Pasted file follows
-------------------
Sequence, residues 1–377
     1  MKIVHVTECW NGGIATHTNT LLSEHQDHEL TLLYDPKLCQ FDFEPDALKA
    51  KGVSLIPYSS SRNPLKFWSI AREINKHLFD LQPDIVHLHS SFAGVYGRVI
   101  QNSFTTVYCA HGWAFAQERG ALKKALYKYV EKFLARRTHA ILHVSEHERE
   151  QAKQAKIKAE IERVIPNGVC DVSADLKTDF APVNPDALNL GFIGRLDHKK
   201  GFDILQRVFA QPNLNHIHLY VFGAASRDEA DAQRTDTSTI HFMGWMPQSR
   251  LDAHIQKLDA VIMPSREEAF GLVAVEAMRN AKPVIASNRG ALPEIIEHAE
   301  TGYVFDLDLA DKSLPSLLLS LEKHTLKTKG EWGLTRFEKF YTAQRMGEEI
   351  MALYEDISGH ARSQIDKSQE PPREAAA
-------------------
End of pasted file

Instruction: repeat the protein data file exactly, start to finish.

Sequence, residues 1–377
     1  MKIVHVTECW NGGIATHTNT LLSEHQDHEL TLLYDPKLCQ FDFEPDALKA
    51  KGVSLIPYSS SRNPLKFWSI AREINKHLFD LQPDIVHLHS SFAGVYGRVI
   101  QNSFTTVYCA HGWAFAQERG ALKKALYKYV EKFLARRTHA ILHVSEHERE
   151  QAKQAKIKAE IERVIPNGVC DVSADLKTDF APVNPDALNL GFIGRLDHKK
   201  GFDILQRVFA QPNLNHIHLY VFGAASRDEA DAQRTDTSTI HFMGWMPQSR
   251  LDAHIQKLDA VIMPSREEAF GLVAVEAMRN AKPVIASNRG ALPEIIEHAE
   301  TGYVFDLDLA DKSLPSLLLS LEKHTLKTKG EWGLTRFEKF YTAQRMGEEI
   351  MALYEDISGH ARSQIDKSQE PPREAAA